Kiwi Community Backlash Forces Wind Farm Shutdown & Gets All New Noise Rules

Kiwis in full-flight: 28th Maori Battalion, Egypt 1941.


Kiwis fight.

And we are not talking about the dowdy little flightless birds that scurry about on the forest floor at night.

The Maori are a people who fought their British colonists to a standstill in the early 19th century and forced upon them the Treaty of Waitangi, which enshrined terms the envy of every indigenous people who ever found themselves at the pointy end of European colonisation.

That fighting spirit is shared by Kiwis of all denominations. A never-say-die spirit exhibited a century ago alongside their Australian cousins on the beaches of Gallipoli, the deserts of the Middle East and in the fields of France, the boys in the lemon-squeezer hats fought like fury as part of the Australian and New Zealand Army Corp, creating the enduring and exemplary ANZAC legend. They did it all over again in WWII (see above). And are still at it, sorting out the mess in Afghanistan (see below).

A century on, Kiwis are still fighting for what is just and right. This time it’s about protecting their lawful right to live without unreasonable interference from wind turbine noise; the right to sleep, live in and otherwise enjoy their homes.

Here’s the latest from the other side of the Tasman.

Fresh approaches coming for wind farm noise
Business Day
Janine Rankin
9 May 2017

A two-pronged attack has been launched on resolving noise problems at the Te Rere Hau wind farm near Palmerston North.

After receiving 1750 complaints and after several court actions, the city council has moved to change the conditions of New Zealand Windfarms’ consent to operate.

It has called for public submissions on new noise rules, which will be considered by its hearing committee.

And early this year, NZ Windfarms underwent major structural changes, with new commercial director John Worth working to cut back on the amount of time the turbines operate and create noise.

The original resource consent for the wind farm was granted in 2005, and 65 of the consented 97 wind turbines were installed.

By 2009, the city council had started receiving complaints from about 20 properties from Forest Hill Rd, Harrisons Hill Rd, Ridgeview Rd and the Pahiatua Track.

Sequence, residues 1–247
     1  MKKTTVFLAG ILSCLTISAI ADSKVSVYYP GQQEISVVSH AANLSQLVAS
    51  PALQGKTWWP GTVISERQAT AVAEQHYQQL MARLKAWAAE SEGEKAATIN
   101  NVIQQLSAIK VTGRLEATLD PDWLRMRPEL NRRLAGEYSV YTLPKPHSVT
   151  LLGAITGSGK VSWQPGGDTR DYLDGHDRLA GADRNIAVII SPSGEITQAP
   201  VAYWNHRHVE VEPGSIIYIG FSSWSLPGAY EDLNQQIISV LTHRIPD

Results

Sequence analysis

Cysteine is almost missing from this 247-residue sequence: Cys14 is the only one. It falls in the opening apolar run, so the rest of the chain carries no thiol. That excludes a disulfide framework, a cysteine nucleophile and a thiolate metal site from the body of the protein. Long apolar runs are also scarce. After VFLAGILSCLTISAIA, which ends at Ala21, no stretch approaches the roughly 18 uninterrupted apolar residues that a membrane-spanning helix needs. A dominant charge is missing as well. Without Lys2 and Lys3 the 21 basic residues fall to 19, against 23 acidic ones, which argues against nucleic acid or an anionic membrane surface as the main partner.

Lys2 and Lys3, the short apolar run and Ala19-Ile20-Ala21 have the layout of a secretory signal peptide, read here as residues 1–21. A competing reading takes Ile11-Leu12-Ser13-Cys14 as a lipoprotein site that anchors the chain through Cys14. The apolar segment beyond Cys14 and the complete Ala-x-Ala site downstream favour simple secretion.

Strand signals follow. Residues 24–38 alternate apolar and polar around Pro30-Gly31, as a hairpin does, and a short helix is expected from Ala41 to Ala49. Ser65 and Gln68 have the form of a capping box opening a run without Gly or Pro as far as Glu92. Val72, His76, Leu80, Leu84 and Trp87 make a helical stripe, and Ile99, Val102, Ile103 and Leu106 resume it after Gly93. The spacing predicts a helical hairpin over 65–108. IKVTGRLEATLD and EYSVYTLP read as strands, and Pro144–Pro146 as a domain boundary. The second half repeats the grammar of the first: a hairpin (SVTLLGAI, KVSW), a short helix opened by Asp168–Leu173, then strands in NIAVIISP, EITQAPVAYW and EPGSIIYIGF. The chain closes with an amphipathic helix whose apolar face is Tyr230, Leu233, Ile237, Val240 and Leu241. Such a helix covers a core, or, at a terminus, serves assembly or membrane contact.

City council chief executive Paddy Clifford said in his notice of review that noise from Te Rere Hau needed to be better managed and monitored.

He said there were inaccuracies in evidence given about the acoustic effects of the wind turbines at the original consent hearing, with the effects turning out to be far greater than had been predicted.

Worth said even though the wind farm complied with existing conditions, it was clear those conditions were out of date and needed to be reviewed.

He knew the council was working on new conditions, so was not surprised by the action.

“Ultimately, it’s their direction and their proposal as to what the conditions would say.”

Worth said working with landowners and neighbours to understand the nature of their complaints could be a more constructive approach, and taking steps to alleviate the problems.

NZ Windfarms’ new approach was not just about being a better neighbour, but was also driven by economic considerations.

It was planning a “curtailment” regime, which would see the turbines operating less often, with one of the benefits to the company being savings on wear and tear, and extending the life of the turbines.

New software would instruct the turbines to close down when wind conditions were turbulent, to reduce damage.

NZ Windfarms would follow up with landowners to see whether shutting down on blustery days also reduced noise annoyance.

Another issue for the company was that at times the returns for generating power at the wind farm were low.

Particularly, prices were lower in summer, especially in the evenings.

“If we are not making much money then, that’s an opportunity for us to do something for those people who want to open the windows on a summer evening and have a barbecue.”